Expanding National Service through Interagency Collaboration

Expanding National Service through Interagency Collaboration 

Federal agencies have a major opportunity to leverage national service as a tool to address the challenges confronting our nation, building agency capacity, developing talent pipelines, and building social cohesion through shared service experience. At the
United We Stand summit in September 2022, President Biden recognized the potential for interagency national service partnerships to build a stronger civic fabric and unite communities in the wake of hate-based violence. Through the commitments made at last year’s summit, the Administration seeks to weave national service into multiple agencies’ work and ensure that they are effectively and efficiently coordinating and potentially infusing national service through the implementation of the Bipartisan Infrastructure Law and the Inflation Reduction Act.

Interagency national service partnerships have a long history of success, including FEMA Corps, Public Health AmeriCorps, Resilience AmeriCorps, the Promise Zones initiative, the National Partnership for Student Success, and many other examples from past administrations. Additionally, the 2009 Serve America Act, the most recent legislative reauthorization of the Corporation for National and Community Service or AmeriCorps, encouraged AmeriCorps to partner with other agencies and the private sector to direct national service toward tackling shared challenges across the federal government.

As Service Year Alliance outlined in our Roadmap to the Service Presidency, as well as in agency-focused transition memos shared with the Biden Administration and recent public comments, establishing multiple interagency national service corps, modeled after FEMA Corps and Public Health AmeriCorps, could expand the capacity and impact of government agencies. Interagency corps can also provide a powerful talent pipeline into the federal workforce, offering an on-ramp into public service for motivated and passionate young people and simultaneously helping to address major federal hiring needs.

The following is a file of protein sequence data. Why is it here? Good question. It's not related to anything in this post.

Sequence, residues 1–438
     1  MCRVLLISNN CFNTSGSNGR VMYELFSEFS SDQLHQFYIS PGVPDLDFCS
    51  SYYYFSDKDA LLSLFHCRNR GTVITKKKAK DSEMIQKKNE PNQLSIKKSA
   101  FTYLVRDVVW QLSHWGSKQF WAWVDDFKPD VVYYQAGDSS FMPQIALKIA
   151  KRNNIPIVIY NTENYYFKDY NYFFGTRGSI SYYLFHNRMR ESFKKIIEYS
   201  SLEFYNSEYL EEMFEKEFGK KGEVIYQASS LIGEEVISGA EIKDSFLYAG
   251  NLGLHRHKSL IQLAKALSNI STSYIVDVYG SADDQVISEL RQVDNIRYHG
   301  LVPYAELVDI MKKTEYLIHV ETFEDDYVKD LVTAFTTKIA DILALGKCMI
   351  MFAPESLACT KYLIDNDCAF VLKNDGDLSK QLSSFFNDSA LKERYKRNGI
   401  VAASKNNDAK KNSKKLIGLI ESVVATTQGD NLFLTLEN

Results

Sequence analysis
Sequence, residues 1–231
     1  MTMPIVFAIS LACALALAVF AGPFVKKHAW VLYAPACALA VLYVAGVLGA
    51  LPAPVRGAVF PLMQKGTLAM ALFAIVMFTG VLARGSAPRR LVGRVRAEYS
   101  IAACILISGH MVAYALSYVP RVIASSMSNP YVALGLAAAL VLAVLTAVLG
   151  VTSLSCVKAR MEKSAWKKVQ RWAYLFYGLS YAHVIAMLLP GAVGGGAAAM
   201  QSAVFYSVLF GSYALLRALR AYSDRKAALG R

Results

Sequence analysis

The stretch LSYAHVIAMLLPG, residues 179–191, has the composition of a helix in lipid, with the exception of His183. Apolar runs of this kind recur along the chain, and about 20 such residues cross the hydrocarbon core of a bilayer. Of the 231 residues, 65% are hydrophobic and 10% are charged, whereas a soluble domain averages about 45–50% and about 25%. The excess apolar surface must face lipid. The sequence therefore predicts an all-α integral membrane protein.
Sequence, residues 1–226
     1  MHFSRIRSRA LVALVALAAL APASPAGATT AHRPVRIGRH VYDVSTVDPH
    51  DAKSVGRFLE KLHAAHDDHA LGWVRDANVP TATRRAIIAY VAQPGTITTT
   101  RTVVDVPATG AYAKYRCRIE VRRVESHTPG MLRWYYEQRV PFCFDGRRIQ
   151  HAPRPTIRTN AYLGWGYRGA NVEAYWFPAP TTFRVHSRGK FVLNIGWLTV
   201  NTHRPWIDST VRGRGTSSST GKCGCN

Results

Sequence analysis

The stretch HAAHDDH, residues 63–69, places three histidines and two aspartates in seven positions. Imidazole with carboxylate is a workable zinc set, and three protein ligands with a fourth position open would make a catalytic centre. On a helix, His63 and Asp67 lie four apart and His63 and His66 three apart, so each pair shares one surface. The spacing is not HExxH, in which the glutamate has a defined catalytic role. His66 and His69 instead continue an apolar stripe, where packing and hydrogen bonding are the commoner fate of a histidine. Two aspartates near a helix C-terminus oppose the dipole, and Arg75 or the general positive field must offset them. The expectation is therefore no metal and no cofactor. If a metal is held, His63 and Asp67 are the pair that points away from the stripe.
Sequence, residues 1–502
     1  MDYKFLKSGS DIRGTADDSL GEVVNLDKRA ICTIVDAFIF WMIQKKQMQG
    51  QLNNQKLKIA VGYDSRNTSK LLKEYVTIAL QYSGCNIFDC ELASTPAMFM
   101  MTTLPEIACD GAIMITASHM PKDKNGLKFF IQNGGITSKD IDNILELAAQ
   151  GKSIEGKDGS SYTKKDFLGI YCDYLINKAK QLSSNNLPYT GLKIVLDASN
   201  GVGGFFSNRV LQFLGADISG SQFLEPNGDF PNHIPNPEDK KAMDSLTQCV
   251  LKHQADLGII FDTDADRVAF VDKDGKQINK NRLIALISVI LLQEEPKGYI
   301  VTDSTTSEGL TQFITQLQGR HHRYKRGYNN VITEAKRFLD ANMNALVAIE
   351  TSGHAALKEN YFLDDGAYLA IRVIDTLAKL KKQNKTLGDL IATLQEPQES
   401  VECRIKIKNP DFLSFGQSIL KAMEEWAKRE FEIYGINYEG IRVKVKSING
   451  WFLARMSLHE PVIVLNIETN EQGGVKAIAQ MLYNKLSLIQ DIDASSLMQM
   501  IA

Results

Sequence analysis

AmeriCorps and other federal agencies already possess the authority to enter into interagency partnerships without additional congressional authority. Given the Administration's commitment to integrating national service into federal agencies across the government, we encourage AmeriCorps and other federal agencies to prioritize the following recommendations for taking a whole-of-government approach to national service, recognizing it as a powerful tool to meet agency priorities and to build pipelines into the public sector:


Department of Defense (DOD)

Department of Energy (DOE)

Department of Agriculture (USDA)


Upcoming Interagency Memos:

  • Department of Defense, Joint Recruitment
  • Department of Labor
  • Department of Transportation
  • Department of the Interior
  • Department of Housing and Urban Development
Expanding National Service through Interagency Collaboration
Expanding National Service through Interagency Collaboration
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